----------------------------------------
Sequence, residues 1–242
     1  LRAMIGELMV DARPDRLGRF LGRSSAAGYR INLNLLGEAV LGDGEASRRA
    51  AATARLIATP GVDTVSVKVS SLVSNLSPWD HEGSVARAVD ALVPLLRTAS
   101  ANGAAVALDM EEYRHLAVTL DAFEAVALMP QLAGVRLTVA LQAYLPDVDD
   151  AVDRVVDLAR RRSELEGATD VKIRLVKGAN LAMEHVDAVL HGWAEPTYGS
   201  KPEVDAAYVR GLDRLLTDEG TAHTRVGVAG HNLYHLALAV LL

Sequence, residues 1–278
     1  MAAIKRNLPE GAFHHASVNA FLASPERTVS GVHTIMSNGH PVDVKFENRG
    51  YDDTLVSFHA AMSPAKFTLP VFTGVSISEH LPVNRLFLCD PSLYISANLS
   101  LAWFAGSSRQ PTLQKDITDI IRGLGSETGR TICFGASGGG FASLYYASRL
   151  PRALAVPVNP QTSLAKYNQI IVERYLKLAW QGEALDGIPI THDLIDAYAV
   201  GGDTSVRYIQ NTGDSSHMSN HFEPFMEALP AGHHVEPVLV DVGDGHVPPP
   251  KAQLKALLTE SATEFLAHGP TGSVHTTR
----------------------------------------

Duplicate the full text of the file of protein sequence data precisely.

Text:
Sequence, residues 1–242
     1  LRAMIGELMV DARPDRLGRF LGRSSAAGYR INLNLLGEAV LGDGEASRRA
    51  AATARLIATP GVDTVSVKVS SLVSNLSPWD HEGSVARAVD ALVPLLRTAS
   101  ANGAAVALDM EEYRHLAVTL DAFEAVALMP QLAGVRLTVA LQAYLPDVDD
   151  AVDRVVDLAR RRSELEGATD VKIRLVKGAN LAMEHVDAVL HGWAEPTYGS
   201  KPEVDAAYVR GLDRLLTDEG TAHTRVGVAG HNLYHLALAV LL

Sequence, residues 1–278
     1  MAAIKRNLPE GAFHHASVNA FLASPERTVS GVHTIMSNGH PVDVKFENRG
    51  YDDTLVSFHA AMSPAKFTLP VFTGVSISEH LPVNRLFLCD PSLYISANLS
   101  LAWFAGSSRQ PTLQKDITDI IRGLGSETGR TICFGASGGG FASLYYASRL
   151  PRALAVPVNP QTSLAKYNQI IVERYLKLAW QGEALDGIPI THDLIDAYAV
   201  GGDTSVRYIQ NTGDSSHMSN HFEPFMEALP AGHHVEPVLV DVGDGHVPPP
   251  KAQLKALLTE SATEFLAHGP TGSVHTTR